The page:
I'm need a little help picking a new Linux distro for me to migrate to. The problem I'm up against is that my knowledge of the advantages of various distros is quite low. I'm not a complete Linux newbie, but my knowledge with Linux distros is limited basically to only what I've ever needed to know (i.e. Ubuntu), so I could use some expert opinions on which way to go next.
I've been a Linux user for some time. My university taught it's CS students primarily using RHEL, and have had a Linux distro installed in some form or another (either on a partition or in Virtualbox) since 2006. Originally, I went for Fedora simply because it was based on Red Hat. But I abandoned Fedora in 2006 when twice it managed to do... something to my partition tables and wipe out both Fedora and Windows XP irrecoverably. Between then and mid-2008, I went Windows only simply because I could go to the labs at the university if I needed to do any Unix-based work.
When my dissertation rolled around in 2008, I decided that I needed a copy of Linux installed to do some of my Unix work at home, since it was very laborious travelling to and from the university to do 30 minutes of work, only to return home to do 3 hours of development in Windows. This time around, I went for Ubuntu, since it was all the rage at the time. From 2008 to the end of 2010, I used Ubuntu inside Virtualbox to do my development, and it was an arrangement that worked well, however I often found myself spending more time in the virtual machine than I did in Windows, so at the start of the year I got hold of a hard drive and installed Ubuntu 10.10 on it. I have been a happy Ubuntu user ever since.
Reason for Changing Distro
I've been warily watching Canonical's work on Unity for a while, and there are two things that I disliked about Ubuntu and it's direction. Firstly, I disliked their take on Gnome. I like the black theme they had going on, but the massive unnecessary integration of things like evolution, Ubuntu One and the like annoyed me. But things weren't all lost, since I could just remove the panels, and did so. This massive integration of services I didn't need felt very... Vista-like, and I ended up spending most of my Ubuntu setup taking out various service panels and pre-installed stuff that I didn't need. Again, this wasn't a big deal.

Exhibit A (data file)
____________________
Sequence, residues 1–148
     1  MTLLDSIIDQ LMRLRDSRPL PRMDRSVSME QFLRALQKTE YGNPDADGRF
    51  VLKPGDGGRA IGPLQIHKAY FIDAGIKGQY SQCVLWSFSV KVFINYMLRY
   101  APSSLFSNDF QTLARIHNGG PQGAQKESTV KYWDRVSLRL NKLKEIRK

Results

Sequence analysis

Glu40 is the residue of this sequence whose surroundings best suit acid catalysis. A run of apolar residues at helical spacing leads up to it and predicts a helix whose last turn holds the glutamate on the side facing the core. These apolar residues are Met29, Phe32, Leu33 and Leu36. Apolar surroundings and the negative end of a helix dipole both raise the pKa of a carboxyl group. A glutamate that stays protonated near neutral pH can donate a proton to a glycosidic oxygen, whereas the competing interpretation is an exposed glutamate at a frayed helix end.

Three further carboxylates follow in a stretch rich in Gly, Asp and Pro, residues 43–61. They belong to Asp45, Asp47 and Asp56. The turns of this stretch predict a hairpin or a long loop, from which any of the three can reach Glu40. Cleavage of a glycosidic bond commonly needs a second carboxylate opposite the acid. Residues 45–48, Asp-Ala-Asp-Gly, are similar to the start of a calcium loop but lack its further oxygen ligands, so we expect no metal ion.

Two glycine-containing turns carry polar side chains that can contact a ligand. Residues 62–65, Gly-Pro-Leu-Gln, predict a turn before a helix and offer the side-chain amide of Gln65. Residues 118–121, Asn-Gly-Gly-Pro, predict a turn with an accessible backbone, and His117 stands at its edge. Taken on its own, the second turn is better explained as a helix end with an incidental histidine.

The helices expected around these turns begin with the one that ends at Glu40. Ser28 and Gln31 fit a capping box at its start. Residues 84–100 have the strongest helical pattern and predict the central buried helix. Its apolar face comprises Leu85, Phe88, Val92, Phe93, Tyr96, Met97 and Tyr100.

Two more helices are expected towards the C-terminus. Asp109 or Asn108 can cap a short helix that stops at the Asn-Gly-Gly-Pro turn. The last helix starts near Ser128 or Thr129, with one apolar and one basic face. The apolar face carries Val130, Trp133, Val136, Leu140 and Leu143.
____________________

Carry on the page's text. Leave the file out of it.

The two major thumbs down for Ubuntu for me has been...
- Unity. I don't like it, at all. I know you can turn it off, but the whole of Gnome 3 looks like ass to me, and so I'm not interested in the direction that the Ubuntu GUI is headed.
- Old Software. I mean Jesus, Firefox 4 has been out since mid-March, and it didn't appear for Ubuntu until 11.04, and it's still not available through the 10.10 repositories. Same applies to the Eclipse IDE. Eclipse 3.6 has been available since mid-2010, and it still isn't available in Ubuntu 10.10.
The kicker however came today. I decided that I was going to upgrade to 11.04, since I knew I didn't need to use unity, and I wanted access to newer software via the Software Centre, instead of manually installing everything (no big deal, but Software Centre is still easier). After spending no less than 8 hours running through the damn upgrade process, I rebooted my PC only to find that Ubuntu will not boot. I have tried everything that everyone else on the Internet has suggested, and I just cannot get it to load. It's looking more and more likely that I'm going to have to reinstall from scratch.
That being the case, combined with the fact that I'm not particularly interested in staying with Ubuntu, gives me the opportunity to switch distros.
What I need
I mainly use Linux as a general purpose OS. I do some basic word processing, some spreadsheets, some games, and so on, but mainly I do programming, usually using Eclipse. I have little interest in spending weeks and months tweaking it to suit my needs, and preferably I'd rather not build everything from source, so an equivalent to Ubuntu's "Software Centre" would be a plus but not entirely necessary if it has enough advantages for me to use it.
Primarily though as long as it...
- Runs an office suite
- Lets me use Eclipse
- Lets me browse the web
... I'm open to any suggestion, I'd even be happy to go stick with Ubuntu if it really is the best distro for my needs. Mainly though I'm looking for a list of pros for each distro so that I can pick the best one for me, since I do spend most of my time in it. If you can, please give a reason WHY you're suggesting it. Blank suggestions of distros won't help me, since I can reel off a list of distros already.
Hopefully this can be a stimulating conversation comparing Linux distro's, please please please don't turn this into a flame war.
Regards, and many thanks in advance,
p.s. TL;DR: I need suggestions (with reasons) for my next Linux distro to install
p.p.s. Apologies for the wall of text!